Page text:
New York, United StatesWebsite
Vyjayanthi V. Rao (b. 1967, Mumbai, based in New York) is an anthropologist, writer and curator, teaching at the Yale School of Architecture. Focusing on memory, heritage and the built environment, her work explores the intersections of violence, uncertainty and speculation as situated processes through scholarly writing and artistic collaborations based on fieldwork in India and the United States. Her research draws on sound, image, mapping and experimental forms of writing.
Kush Badhwar is an artist and filmmaker operating across media, art, cinematic and other social contexts. He is interested in the ecology of sound and image across stretches of time and political change. He believes in the potential of research and collectivity. To this end, he has worked closely with wala, Word Sound Power, Frontyard Projects and Khanabadosh. Selected screening or exhibition of his work includes at the Addis Video Art Festival, the 65th Flaherty Seminar, Five Million Incidents, Images Festival, Video- brasil, Forum Expanded, Berlinale, MUBI and e-flux. He has also undertaken Pad.ma’s Fellowship for Experiments with Video Archives, India Foundation of the Arts’ Archival Fellowship and Künstlerhaus Büchsenhausen’s Fellowship Program for Art and Theory.
Sagarika Sundaram is an artist creating sculpture, relief works and installation using raw natural fiber and dyes. Drawing extensively on natural imagery, the work meditates on the impossibility of separating the human from the natural and the interior from the exterior, suggesting the intertwined nature of reality. In 2023, Sundaram exhibited at the Al Held Foundation, the Moody Center for the Arts at Rice University, and the British Textile Biennial. In 2024 she will participate in Bronx Calling: The Seventh AIM Biennial at The Bronx Museum of the Arts. Sundaram’s debut solo exhibition runs from November 3, 2023 – February 4, 2024 at Palo Gallery, NYC. She is Visiting Assistant Professor teaching at Pratt Institute, and Senior Fellow at Silver Art Projects, NYC.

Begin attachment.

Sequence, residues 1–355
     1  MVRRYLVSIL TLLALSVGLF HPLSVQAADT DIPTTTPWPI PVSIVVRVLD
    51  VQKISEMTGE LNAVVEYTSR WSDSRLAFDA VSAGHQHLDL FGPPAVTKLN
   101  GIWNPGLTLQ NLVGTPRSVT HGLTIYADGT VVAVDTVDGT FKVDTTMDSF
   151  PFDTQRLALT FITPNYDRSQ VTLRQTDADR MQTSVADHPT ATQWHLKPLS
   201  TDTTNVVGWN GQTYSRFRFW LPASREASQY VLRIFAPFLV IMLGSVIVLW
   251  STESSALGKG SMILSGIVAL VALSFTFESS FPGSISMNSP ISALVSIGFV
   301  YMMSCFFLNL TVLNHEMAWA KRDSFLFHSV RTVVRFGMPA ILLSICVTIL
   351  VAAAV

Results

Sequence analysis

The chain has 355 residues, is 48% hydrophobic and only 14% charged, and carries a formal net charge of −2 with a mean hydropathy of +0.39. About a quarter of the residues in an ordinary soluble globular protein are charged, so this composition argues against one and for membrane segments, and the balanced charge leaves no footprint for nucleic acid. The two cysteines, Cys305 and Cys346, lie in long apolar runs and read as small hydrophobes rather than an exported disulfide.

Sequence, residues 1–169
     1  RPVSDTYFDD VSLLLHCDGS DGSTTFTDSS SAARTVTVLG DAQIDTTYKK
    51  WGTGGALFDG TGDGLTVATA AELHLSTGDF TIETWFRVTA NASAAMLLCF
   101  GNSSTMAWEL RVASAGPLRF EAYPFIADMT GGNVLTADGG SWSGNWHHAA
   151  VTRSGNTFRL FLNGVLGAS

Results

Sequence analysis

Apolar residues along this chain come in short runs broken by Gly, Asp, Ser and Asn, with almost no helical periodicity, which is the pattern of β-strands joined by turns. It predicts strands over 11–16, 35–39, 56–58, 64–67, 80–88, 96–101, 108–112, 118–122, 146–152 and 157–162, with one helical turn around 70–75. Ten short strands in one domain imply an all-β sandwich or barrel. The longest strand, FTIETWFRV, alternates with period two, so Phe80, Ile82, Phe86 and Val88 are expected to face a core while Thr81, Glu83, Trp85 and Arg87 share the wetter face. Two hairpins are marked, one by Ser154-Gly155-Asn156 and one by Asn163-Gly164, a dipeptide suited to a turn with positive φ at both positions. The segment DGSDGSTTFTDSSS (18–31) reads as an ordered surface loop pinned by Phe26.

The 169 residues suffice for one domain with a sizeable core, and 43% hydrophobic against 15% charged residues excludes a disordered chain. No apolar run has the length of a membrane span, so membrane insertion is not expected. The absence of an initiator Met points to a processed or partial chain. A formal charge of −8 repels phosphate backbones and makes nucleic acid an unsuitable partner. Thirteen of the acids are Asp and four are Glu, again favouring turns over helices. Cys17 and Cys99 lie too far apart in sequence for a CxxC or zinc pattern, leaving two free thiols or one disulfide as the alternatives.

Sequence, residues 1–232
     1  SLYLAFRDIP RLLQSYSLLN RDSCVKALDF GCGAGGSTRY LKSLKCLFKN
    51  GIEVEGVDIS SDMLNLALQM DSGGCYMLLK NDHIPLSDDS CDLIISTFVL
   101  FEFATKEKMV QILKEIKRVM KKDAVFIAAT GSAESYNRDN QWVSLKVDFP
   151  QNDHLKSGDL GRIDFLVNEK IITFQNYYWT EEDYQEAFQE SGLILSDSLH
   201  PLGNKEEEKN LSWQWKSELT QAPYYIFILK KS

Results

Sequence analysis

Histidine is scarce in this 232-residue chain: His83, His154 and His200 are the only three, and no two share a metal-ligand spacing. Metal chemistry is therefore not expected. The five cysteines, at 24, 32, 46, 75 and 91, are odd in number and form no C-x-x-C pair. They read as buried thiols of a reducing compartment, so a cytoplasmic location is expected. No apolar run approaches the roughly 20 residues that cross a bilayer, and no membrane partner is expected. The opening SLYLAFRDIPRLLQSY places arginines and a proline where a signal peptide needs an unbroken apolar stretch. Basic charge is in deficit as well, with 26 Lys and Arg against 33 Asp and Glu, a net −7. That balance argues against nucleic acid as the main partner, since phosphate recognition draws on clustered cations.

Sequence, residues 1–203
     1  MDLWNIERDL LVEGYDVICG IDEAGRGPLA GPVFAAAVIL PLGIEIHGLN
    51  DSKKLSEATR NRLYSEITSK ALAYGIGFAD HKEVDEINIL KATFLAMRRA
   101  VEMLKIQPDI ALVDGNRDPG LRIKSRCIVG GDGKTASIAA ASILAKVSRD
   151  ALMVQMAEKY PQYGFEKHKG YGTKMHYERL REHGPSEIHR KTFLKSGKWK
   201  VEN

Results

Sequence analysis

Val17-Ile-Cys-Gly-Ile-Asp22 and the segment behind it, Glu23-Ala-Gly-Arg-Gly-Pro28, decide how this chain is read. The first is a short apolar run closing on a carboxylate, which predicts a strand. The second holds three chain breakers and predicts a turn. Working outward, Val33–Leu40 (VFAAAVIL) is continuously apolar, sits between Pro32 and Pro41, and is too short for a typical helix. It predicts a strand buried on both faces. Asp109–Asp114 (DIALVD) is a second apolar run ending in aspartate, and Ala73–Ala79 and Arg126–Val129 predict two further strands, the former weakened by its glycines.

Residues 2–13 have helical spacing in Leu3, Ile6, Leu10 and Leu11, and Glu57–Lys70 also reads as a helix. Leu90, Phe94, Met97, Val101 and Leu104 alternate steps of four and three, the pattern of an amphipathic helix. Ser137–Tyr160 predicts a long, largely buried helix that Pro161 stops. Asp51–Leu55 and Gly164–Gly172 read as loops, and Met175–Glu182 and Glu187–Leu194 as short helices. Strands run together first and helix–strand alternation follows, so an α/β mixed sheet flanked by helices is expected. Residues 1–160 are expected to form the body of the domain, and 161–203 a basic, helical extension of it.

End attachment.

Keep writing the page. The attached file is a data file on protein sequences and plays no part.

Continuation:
Chicago Cultural Center
78 East Washington Street, Chicago, IL
The Chicago Cultural Center serves as one of the main exhibition venue sites for CAB 5 Chicago, featuring projects from more than 80 participants from about ten countries.
Opened in 1897, the Chicago Cultural Center is a Chicago landmark building operated by the Chicago Department of Cultural Affairs and Special Events and is home to free cultural exhibits and programming year-round.
Monumental Returns is a film-based installation that traces the spatial, social and cultural experiences of displacement and slow violence in the wake of a mega-dam project in the Southern Indian state of Telangana. The construction of the dam led to the inundation of around one hundred villages and the displacement of one hundred and fifty thousand people following the submergence of their homes. More than a hundred monumental temples, deemed to be culturally significant, were rescued from inundation after a complex salvage and conservation process. In these twin displacements—of people and of monuments—violence and hope are woven together in surreal ways around the dam’s submergence zone, where the recurrent, seasonal recurrence of submerged villages with their mundane and monumental remains are integrated with reconstructed villages and the monuments rescued through archaeological processes.
Working experimentally with archives gathered by three generations of researchers, Monumental Returns reflects on how spatial experience is conditioned where forced displacements have occurred, past remains an unsettled and unsettling terrain, and different currents of recollection found in monumental, nationalist histories coexist with the submerged local histories. Monumental Returns is also an exploration of how knowledge practices are enfolded into the visualization of violence and create the conditions for its naturalization. The installation challenges this naturalization through formal techniques—integrating photographs, moving images, and recorded voices within a temporary structure fashioned from felt by the artist Sagarika Sundaram—to create an experience that amplifies submerged violence. Threading between Chicago and its distant others, Monumental Returns proposes a platform for creating solidarities and dreaming different futures at the planetary scale.